of the compound in West Virginia with bolt cutters so they could set
him free.

When they arrived, they found a chimp waiting where Peanuts should
have been. Jimmy was convinced the chimp was Peanuts, so he cut open
the gate and set him free, although he was captured in the process.
The chimp stowed away in the van the rest of the Gunmen (Yves
included) used to escape.

The Gunmen found themselves in a barn, hiding from police. Here, with
Yves’ help, they eventually realized that the chimp was Peanuts, and
he could type fairly well. He ran all of his conversations through a
speech synthesizer using Edward Woodward’s voice.

After a fairly lengthy conversation, the group realized that the
government was training intelligent animals to be used as
inconspicuous assassins. They also were told that the Russians had a
chimp named Bobo in place at the Zoo in Washington D.C. that was
preparing to kill a French diplomat. Langely and Peanuts, who had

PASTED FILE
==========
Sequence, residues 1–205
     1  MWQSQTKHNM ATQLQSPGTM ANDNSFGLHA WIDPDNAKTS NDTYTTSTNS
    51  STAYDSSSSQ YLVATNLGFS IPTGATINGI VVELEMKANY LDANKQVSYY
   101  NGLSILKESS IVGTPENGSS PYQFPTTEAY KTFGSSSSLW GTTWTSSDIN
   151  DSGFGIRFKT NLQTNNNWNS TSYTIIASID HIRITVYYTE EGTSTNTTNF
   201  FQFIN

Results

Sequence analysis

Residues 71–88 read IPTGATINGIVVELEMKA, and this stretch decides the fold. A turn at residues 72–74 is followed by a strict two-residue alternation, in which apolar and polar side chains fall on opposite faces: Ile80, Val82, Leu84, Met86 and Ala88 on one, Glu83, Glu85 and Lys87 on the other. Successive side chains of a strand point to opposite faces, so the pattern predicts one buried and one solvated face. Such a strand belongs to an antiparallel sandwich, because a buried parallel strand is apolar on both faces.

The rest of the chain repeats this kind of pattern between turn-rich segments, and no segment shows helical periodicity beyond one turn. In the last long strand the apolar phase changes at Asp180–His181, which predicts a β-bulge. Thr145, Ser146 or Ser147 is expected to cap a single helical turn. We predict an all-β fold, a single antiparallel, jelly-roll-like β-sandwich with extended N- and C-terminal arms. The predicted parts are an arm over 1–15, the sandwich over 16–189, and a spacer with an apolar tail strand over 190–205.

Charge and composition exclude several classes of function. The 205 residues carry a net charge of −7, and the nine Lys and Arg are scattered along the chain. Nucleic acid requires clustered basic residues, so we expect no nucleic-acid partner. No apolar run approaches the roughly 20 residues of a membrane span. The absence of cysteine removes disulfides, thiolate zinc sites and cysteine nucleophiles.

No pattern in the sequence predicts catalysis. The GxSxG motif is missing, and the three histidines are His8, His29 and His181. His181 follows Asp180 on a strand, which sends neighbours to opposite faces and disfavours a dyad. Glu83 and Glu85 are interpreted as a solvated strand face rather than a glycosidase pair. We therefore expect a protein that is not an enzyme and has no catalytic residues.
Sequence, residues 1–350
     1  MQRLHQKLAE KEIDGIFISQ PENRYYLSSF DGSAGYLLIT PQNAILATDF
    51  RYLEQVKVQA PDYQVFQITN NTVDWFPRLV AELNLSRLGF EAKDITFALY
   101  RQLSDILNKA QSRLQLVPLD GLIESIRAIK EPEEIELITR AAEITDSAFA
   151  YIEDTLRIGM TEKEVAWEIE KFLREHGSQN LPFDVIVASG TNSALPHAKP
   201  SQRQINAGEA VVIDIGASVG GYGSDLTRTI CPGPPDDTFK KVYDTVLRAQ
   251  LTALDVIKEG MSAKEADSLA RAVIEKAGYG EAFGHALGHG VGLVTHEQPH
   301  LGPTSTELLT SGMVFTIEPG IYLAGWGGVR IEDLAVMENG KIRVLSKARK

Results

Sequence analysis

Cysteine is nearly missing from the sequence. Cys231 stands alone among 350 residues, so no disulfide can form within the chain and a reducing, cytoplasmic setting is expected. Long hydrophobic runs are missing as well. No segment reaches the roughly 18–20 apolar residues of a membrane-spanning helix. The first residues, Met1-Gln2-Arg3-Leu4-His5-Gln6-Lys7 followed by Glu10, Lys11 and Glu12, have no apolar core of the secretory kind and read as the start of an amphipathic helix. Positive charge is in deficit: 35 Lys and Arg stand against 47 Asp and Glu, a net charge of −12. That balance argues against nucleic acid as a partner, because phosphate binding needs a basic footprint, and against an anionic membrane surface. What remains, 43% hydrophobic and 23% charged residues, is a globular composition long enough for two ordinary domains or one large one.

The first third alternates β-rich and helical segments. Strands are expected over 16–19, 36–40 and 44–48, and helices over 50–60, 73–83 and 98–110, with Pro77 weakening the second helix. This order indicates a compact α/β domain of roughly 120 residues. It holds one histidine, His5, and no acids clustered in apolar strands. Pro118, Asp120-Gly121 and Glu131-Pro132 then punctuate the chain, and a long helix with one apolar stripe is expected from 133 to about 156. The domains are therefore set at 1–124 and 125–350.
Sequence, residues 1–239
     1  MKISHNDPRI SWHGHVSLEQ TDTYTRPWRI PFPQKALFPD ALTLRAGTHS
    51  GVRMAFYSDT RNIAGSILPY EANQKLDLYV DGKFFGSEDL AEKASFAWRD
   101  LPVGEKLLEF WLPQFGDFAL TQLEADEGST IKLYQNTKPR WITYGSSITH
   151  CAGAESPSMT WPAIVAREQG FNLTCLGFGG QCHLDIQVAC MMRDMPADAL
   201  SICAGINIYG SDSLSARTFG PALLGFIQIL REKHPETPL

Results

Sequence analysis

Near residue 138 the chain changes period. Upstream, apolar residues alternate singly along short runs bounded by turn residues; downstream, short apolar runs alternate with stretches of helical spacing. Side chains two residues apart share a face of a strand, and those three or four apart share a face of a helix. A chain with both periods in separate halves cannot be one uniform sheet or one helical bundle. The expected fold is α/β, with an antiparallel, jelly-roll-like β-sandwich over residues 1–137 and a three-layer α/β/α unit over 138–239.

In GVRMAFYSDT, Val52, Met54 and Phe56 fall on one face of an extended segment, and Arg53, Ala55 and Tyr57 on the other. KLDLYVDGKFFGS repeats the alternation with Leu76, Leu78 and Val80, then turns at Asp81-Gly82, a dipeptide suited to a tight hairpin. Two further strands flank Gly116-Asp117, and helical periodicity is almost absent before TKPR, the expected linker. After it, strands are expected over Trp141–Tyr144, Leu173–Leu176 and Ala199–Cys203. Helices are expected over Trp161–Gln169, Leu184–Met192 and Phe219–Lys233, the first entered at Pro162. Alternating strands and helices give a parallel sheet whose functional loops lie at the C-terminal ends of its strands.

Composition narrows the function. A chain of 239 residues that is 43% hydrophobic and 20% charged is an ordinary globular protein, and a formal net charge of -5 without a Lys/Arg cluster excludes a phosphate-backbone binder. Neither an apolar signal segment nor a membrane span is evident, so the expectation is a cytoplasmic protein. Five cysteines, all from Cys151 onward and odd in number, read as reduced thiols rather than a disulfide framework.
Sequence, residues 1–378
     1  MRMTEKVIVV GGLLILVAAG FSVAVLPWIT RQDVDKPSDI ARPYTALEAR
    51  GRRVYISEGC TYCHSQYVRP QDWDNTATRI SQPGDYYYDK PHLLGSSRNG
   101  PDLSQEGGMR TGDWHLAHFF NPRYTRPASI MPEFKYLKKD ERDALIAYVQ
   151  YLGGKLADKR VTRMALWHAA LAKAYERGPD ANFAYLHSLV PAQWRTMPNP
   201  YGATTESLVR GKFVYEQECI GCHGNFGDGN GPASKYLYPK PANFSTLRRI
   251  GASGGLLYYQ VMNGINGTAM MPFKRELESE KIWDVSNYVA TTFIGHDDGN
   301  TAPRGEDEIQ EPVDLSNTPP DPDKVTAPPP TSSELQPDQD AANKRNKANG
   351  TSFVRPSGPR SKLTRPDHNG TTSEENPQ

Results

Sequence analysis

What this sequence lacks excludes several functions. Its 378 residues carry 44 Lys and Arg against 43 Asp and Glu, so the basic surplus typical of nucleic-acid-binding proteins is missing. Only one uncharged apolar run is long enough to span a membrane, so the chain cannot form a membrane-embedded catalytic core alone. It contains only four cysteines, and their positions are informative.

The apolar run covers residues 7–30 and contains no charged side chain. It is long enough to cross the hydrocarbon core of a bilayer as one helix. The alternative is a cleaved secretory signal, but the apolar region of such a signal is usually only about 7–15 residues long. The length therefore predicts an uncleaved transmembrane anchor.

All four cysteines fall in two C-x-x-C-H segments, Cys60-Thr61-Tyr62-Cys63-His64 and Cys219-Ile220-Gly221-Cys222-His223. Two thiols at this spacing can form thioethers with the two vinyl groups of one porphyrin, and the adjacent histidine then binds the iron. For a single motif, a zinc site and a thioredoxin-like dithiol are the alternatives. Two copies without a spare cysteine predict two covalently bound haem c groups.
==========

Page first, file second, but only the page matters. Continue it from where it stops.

renamed himself Simon Potentloins, were left to break into the lab’s
computers while the rest went to save the French minister.

Meanwhile, Jimmy was being interrogated at the labs. Dr. Hasslip
wanted his chimp back, but Jimmy refused to tell him where the chimp
was. In fact, he insisted that he relelased the chimp because he
represented the Monky Liberation Army. When pressed for names, he
said he was the only member, but that he expected a major grassroots
upswell of support once word got around about what was going on.

Things weren’t working out any better for the other Gunmen. Peanuts
had himself couriered to the zoo, and forged a ransom note to the labs
that eventually got Langley captured by the military. When the other
three made it to the zoo, they found male and female monkeys in one
cage, which had both been donated by the labs that produced Peanuts.
The male was Bobo, so that’s the one Frohike and Yves captured.